Latin America

New forensic tests point to suicide in death of Argentinean prosecutor

Ex-top spy and the computer technician who loaned gun to Nisman will both testify

Alejandro Rebossio
A woman passes the office of prosecutor Viviana Fein.
A woman passes the office of prosecutor Viviana Fein.Rodrigo Abd (AP)

The gunshot wound that killed Argentinean prosecutor Alberto Nisman last month may have been self-inflicted, according to a new forensic study released Monday in Buenos Aires.

The bullet penetrated his skull two centimeters above his right ear and entered upwards at a 30-degree angle – findings that are “compatible” with a “self-inflicted wound,” investigators said.

The prosecutor investigating Nisman’s death said she isn’t weighing in on any theory

Nisman, 51, was found dead in his apartment on January 18 the day before he was scheduled to testify in Congress about the cover-up charges he had filed the week before against President Cristina Fernández de Kirchner, Foreign Minister Héctor Timerman and others for allegedly trying to derail his investigation into the 1994 bombing of a Jewish community center. The terrorist attack, allegedly carried out by a group of Iranians, left 85 people dead and dozens injured.

Nisman had alleged in court papers that the Fernández de Kirchner government was trying to broker a grain-for-oil deal with Tehran in exchange for impunity for several Iranian officials charged with the attack.

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The allegations against the president and her team and Nisman’s subsequent death have fueled speculation across the country.

Despite the latest forensic test findings, the prosecutor who is investigating Nisman’s death said she still isn’t weighing in on any theory.

“My greatest wish is to find out the truth, not only for myself but to assure citizens so that they will know what was behind this – whether if this was motivated; induced; whether it was a decision he made himself; or if there was a third person who was responsible for the gun going off,” Viviana Fein said in a radio interview.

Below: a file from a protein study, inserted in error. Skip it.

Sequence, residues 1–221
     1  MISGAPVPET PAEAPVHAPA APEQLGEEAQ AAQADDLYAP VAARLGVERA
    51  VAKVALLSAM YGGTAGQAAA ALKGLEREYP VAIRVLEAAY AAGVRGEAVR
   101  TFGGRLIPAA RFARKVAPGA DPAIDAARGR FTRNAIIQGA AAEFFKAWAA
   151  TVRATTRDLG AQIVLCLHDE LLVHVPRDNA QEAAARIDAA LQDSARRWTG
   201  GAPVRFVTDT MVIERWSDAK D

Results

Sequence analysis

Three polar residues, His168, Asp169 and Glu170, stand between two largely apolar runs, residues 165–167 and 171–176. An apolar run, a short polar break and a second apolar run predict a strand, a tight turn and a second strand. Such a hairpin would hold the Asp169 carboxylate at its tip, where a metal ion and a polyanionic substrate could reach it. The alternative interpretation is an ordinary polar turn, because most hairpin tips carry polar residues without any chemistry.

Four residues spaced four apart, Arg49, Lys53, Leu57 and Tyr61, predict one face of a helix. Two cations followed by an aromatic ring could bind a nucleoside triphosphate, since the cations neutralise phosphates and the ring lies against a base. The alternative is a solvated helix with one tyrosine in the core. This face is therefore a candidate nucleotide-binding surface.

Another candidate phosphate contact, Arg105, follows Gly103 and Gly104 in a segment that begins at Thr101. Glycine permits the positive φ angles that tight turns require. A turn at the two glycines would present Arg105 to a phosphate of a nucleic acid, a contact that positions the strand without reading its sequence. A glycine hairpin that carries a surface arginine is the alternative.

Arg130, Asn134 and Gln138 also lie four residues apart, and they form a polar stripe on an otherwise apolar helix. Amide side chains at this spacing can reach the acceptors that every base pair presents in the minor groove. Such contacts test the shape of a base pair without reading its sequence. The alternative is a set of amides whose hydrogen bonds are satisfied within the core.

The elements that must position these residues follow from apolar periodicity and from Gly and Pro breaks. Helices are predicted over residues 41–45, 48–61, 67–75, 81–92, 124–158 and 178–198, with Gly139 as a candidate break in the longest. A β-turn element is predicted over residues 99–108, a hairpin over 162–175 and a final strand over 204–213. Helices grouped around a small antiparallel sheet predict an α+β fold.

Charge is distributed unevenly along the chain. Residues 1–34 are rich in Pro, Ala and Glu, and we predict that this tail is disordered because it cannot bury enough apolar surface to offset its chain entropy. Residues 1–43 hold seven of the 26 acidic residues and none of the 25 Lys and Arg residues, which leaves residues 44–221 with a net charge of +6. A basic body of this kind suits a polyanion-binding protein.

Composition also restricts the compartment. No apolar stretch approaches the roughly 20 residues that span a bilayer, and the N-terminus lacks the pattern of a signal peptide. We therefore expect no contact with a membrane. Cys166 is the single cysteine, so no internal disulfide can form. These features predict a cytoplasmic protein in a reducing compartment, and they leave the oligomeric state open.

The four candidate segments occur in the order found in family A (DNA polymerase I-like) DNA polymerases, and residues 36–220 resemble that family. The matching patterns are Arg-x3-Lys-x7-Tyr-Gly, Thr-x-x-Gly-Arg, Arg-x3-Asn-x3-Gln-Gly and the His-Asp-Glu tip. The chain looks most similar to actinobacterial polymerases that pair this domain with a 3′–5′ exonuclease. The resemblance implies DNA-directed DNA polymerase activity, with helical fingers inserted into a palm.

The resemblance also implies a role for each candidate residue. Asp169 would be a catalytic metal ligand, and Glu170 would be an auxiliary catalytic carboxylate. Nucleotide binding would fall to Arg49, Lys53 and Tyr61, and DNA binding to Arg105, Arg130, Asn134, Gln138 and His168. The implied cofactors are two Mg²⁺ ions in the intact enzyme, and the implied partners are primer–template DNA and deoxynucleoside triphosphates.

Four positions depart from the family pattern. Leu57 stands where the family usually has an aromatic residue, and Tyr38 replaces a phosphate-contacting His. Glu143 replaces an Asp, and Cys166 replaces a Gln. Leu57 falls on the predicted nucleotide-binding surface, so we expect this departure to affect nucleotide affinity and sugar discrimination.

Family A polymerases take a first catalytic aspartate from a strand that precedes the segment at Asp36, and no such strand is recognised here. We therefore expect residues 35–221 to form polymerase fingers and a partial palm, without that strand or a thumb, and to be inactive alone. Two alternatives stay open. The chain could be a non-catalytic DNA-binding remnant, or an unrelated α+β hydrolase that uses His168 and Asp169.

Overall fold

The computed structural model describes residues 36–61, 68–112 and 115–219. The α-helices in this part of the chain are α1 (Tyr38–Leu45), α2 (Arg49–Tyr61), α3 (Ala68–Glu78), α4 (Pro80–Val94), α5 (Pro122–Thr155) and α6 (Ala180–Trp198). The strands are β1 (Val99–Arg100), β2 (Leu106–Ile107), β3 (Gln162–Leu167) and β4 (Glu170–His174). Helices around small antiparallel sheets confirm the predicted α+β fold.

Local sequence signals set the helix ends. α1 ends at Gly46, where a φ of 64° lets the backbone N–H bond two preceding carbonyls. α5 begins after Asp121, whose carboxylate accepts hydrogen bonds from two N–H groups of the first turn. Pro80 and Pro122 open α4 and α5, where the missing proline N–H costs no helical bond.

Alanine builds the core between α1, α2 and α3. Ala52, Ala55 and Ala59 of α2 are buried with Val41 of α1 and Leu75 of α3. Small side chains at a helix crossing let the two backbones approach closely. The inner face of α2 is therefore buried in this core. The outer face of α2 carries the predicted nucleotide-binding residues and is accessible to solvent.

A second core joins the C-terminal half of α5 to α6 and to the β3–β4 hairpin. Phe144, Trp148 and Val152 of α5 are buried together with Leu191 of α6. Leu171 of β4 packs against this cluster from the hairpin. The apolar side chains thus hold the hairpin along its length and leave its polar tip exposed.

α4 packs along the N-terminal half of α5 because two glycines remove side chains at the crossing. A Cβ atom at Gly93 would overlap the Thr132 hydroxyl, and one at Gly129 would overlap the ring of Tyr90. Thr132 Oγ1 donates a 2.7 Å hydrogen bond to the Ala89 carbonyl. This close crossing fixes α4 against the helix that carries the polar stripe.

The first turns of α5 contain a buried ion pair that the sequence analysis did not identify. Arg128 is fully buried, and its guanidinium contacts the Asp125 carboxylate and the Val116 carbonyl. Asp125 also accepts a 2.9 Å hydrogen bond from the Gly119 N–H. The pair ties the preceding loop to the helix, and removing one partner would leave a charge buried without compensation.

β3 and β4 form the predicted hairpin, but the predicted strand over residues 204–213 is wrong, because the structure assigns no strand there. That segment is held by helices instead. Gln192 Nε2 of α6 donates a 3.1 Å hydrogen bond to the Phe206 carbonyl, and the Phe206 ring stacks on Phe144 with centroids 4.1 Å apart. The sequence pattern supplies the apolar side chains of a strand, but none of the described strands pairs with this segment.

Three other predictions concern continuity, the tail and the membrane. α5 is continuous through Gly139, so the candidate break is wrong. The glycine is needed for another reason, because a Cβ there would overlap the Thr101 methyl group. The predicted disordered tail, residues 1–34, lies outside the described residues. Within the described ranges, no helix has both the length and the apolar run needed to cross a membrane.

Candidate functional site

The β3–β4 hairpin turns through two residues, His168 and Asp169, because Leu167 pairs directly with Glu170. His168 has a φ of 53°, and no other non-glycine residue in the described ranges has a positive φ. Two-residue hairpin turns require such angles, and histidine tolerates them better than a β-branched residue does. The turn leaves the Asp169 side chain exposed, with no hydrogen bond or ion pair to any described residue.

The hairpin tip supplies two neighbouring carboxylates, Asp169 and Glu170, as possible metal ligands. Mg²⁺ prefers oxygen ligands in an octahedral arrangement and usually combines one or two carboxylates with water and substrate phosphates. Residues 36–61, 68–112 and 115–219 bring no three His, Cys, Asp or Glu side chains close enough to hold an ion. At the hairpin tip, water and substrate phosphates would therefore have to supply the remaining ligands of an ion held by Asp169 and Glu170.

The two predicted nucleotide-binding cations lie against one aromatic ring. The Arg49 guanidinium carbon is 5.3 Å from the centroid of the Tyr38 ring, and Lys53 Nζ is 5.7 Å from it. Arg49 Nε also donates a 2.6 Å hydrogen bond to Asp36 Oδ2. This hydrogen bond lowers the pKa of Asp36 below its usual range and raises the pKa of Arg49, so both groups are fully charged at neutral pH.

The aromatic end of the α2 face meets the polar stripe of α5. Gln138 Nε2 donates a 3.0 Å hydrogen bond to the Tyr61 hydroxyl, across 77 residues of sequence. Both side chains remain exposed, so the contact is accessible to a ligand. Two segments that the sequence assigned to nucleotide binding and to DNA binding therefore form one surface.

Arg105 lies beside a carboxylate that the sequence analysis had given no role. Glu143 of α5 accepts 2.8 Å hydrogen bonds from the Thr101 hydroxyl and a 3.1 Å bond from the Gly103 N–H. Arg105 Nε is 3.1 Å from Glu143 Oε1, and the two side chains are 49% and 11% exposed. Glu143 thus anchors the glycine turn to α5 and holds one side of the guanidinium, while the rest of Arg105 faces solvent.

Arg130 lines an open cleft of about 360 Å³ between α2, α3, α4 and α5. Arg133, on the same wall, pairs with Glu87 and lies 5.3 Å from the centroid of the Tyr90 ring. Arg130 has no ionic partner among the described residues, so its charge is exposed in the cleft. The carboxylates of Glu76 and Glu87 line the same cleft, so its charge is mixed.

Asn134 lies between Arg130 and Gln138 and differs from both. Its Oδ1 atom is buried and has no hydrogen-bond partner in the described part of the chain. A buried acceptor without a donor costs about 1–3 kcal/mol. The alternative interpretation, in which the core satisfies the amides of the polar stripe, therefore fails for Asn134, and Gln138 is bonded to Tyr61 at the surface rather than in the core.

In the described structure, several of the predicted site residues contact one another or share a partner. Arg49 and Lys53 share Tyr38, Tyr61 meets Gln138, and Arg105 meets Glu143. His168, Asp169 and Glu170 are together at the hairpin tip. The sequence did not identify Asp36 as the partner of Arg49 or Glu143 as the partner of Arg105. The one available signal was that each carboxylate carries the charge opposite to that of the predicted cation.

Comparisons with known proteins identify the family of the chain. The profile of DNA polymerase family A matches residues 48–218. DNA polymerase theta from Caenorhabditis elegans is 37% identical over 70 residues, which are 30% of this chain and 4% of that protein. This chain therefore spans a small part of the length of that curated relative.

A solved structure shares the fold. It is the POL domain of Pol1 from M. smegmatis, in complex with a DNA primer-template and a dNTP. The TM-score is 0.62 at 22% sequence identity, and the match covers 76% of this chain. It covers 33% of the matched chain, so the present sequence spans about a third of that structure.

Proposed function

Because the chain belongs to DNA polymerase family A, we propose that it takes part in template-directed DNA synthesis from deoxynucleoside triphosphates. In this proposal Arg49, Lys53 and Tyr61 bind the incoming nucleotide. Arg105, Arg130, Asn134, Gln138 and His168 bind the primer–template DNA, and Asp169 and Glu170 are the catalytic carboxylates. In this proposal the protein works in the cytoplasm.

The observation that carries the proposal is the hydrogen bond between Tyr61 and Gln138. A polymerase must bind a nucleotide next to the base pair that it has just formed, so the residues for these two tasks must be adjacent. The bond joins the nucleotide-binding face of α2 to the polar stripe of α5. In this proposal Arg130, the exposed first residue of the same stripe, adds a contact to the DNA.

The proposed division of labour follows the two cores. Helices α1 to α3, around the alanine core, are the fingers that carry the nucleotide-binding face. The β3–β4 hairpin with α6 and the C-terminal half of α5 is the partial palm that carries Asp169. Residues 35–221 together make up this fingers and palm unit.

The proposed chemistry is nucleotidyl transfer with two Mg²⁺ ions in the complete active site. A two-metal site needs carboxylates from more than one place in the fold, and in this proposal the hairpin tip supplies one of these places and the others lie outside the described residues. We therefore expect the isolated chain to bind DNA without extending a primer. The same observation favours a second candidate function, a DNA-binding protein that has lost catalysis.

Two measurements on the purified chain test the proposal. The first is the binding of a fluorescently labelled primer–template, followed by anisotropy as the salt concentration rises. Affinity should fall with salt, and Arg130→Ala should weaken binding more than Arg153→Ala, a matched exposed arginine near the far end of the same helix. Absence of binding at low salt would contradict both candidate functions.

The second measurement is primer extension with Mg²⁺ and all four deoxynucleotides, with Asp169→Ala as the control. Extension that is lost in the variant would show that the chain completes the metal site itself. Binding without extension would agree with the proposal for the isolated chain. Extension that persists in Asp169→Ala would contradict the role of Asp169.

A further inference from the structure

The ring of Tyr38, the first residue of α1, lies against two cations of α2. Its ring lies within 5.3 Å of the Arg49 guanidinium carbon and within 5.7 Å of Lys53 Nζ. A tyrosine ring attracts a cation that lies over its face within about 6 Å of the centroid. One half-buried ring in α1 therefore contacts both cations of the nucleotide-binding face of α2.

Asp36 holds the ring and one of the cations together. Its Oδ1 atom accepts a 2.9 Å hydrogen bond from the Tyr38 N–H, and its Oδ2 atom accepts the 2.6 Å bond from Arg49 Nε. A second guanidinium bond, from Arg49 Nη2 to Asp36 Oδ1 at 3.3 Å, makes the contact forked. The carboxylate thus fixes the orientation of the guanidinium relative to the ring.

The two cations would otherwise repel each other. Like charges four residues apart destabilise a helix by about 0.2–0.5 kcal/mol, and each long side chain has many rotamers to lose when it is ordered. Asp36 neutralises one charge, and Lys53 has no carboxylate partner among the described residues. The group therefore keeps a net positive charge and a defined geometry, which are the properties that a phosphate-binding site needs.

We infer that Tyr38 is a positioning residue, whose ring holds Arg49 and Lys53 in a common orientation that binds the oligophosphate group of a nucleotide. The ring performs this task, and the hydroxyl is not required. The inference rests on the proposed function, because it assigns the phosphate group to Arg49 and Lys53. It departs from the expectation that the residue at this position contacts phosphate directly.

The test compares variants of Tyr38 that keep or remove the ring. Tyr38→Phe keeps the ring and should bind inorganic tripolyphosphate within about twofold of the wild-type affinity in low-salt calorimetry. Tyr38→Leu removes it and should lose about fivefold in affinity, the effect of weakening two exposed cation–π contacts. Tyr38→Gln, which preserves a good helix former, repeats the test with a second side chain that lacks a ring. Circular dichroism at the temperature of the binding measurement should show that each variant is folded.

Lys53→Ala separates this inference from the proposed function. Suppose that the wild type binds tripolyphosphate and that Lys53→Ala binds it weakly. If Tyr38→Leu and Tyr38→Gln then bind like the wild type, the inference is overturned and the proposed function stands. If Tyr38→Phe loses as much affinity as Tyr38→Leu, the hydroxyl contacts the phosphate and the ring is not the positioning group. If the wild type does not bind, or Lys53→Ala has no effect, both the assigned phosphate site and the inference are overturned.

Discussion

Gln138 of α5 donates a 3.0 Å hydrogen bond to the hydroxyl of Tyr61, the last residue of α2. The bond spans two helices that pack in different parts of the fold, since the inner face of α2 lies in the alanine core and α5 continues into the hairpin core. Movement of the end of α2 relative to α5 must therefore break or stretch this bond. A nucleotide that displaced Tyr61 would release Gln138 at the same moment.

Over the past few weeks, certain government and judicial officials have questioned whether Fein is capable of continuing to carry out her investigation or if she is under pressure by the Fernández de Kirchner government.

The prosecutor has denied she has received pressure from any sector.

Later this week, Fein will take a sworn statement from two people said to be key witnesses in the inquiry into Nisman’s death. One is Antonio Stiuso, a controversial former intelligence chief who had spoken to Nisman several days before his death.

Some officials have questioned whether Fein is under pressure by the Fernández de Kirchner government

After serving with the Argentinean intelligence services for 42 years, Stiuso was fired by Fernández de Kirchner in December as part of the shakeup inside the SIDE spy agency.

Stiuso, whose nickname was “Jaime,” had been one of the most powerful and feared secret agents in the country, serving during the military dictatorship and under different presidents after democracy was restored in 1983. He was one of Nisman’s closest sources in the 1994 AMIA center bombing investigation.

Fernández de Kirchner has accused Stiuso of being the architect of the complaint Nisman filed against her. Some in the president’s center-left Peronist faction and in other sectors have also accused Stiuso of conducting illegal phone taps.

One of Nisman’s closest friends, Diego Lagomarsino, is also scheduled to testify before Fein this week. The computer technician, who on Monday was fired from his job in the unit where he worked alongside the late prosecutor, is facing charges for giving Nisman the .22 caliber firearm that allegedly caused his death.

The Public Prosecutions Ministry said in a statement that Lagomarsino was removed from his post “because it appears that he did not do any work.”

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